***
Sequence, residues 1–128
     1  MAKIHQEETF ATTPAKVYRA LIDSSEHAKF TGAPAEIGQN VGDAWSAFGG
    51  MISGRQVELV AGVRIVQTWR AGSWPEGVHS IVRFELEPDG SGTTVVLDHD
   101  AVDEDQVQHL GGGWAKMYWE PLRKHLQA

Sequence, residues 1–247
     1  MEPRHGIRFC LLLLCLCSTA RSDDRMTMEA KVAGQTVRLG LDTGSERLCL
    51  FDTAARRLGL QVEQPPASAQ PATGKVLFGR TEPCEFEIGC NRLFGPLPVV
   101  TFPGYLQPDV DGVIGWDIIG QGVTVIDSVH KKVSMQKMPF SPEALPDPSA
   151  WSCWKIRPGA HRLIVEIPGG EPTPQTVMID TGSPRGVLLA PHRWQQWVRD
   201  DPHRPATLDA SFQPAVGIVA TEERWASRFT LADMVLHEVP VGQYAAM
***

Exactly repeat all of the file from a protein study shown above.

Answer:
Sequence, residues 1–128
     1  MAKIHQEETF ATTPAKVYRA LIDSSEHAKF TGAPAEIGQN VGDAWSAFGG
    51  MISGRQVELV AGVRIVQTWR AGSWPEGVHS IVRFELEPDG SGTTVVLDHD
   101  AVDEDQVQHL GGGWAKMYWE PLRKHLQA

Sequence, residues 1–247
     1  MEPRHGIRFC LLLLCLCSTA RSDDRMTMEA KVAGQTVRLG LDTGSERLCL
    51  FDTAARRLGL QVEQPPASAQ PATGKVLFGR TEPCEFEIGC NRLFGPLPVV
   101  TFPGYLQPDV DGVIGWDIIG QGVTVIDSVH KKVSMQKMPF SPEALPDPSA
   151  WSCWKIRPGA HRLIVEIPGG EPTPQTVMID TGSPRGVLLA PHRWQQWVRD
   201  DPHRPATLDA SFQPAVGIVA TEERWASRFT LADMVLHEVP VGQYAAM